Tertullian begins his chapter 16 by quoting from most of vv. 6:27-29. Although the sense of these verses is the same as in Lk, he gives a shorter version of vv. 6:27-28: "But I say unto you which hear, Love your enemies, and bless those which hate you, [6:27], and pray for them which calumniate [Latin ‘calumniantur’: falsely accuse or speak evil of] you. [6:28]" These two verses have a parallel at Mt 5:44, which in the KJV reads: But I say unto you, Love your enemies, bless them that curse you, do good to them that hate you, and pray for them which despitefully use you, and persecute you. In the NET this verse in Mt is much shorter, reading just: “But I say to you, love your enemy and pray for those who persecute you.” The NET adds this note: Most mss ([D] L [W] Θ Ë13 33 Ï lat) read “bless those who curse you, do good to those who hate you, and pray for those who mistreat you,” before “those who persecute you.” ... The shorter text is found in א B Ë1 pc sa, as well as several fathers and versional witnesses. In Lk the text is similar to the longer variant in Mt, except that “bless them that curse you” is swapped with “do good to them that hate you,” and Lk does not have: “and persecute you.” The longer variant in Mt is taken to be an assimilation to Lk, but this does not explain why anyone would swap the two phrases instead of just adding the text from Lk unchanged. Assuming that Marcion edited Lk we have a hard to explain omission plus a change of order, from: “do good to them which hate you, bless them that curse you” to just ”bless those which hate you,” but it is also hard to see why aLk would make the reverse change if Lk is an expanded version of Mcg. However, if Mcg was earlier than Mt, then it is possible to see how two independent changes could occur: an expansion from Mcg (without a change of order) by aMt; and a later change of order by aLk."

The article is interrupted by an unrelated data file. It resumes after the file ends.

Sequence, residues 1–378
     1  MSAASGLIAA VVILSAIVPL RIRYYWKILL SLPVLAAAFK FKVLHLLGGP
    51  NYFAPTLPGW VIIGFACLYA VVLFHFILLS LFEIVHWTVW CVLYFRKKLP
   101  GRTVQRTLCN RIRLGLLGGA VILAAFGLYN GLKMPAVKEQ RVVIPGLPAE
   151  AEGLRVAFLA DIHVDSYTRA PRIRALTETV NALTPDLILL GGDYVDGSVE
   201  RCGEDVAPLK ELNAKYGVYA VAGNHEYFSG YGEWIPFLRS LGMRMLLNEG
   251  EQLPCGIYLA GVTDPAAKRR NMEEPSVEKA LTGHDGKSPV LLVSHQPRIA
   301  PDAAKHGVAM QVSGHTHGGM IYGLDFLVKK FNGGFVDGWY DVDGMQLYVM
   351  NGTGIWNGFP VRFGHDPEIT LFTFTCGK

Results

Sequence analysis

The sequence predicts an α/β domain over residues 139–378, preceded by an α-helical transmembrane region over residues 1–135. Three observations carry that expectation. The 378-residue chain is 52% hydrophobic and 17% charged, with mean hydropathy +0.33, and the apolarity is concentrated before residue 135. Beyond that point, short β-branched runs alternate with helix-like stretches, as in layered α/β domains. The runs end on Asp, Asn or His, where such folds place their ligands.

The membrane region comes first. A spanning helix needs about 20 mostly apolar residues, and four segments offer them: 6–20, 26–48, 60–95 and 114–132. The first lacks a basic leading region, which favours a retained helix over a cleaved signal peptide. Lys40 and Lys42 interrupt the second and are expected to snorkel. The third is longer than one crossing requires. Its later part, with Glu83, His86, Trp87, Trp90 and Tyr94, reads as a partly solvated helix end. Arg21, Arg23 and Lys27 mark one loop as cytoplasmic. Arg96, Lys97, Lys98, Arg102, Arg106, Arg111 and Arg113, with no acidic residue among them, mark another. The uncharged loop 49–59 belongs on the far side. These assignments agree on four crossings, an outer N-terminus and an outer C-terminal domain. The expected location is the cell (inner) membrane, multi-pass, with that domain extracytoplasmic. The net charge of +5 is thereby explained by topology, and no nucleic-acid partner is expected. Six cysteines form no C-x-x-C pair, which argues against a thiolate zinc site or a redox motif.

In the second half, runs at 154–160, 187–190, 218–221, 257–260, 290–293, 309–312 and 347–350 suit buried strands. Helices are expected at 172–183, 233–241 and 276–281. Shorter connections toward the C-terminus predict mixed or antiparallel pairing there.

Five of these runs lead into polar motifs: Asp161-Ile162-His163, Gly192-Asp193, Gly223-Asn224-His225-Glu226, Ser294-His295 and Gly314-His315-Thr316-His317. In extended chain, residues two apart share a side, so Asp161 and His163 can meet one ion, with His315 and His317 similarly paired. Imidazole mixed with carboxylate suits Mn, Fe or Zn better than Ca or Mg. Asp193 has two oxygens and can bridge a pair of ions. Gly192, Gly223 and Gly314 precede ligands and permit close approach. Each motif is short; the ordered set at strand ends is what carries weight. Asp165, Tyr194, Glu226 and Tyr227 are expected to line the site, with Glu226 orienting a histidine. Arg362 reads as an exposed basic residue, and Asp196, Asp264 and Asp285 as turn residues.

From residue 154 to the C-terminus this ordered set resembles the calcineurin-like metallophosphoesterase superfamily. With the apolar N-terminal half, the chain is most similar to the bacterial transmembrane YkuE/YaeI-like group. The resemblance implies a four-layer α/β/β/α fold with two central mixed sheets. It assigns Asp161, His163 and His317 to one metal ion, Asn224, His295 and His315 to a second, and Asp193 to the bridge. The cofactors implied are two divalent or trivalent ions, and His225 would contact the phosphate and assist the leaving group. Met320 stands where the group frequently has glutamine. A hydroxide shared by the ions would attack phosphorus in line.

Thursday, November 20, 2014
Megethius: "Love your enemies and pray for those who persecute you" (Matt 5:43) [Pretty p. 35] See Theodore of Cyrrhus Matthew 5:22 above. Also from David Inglis:
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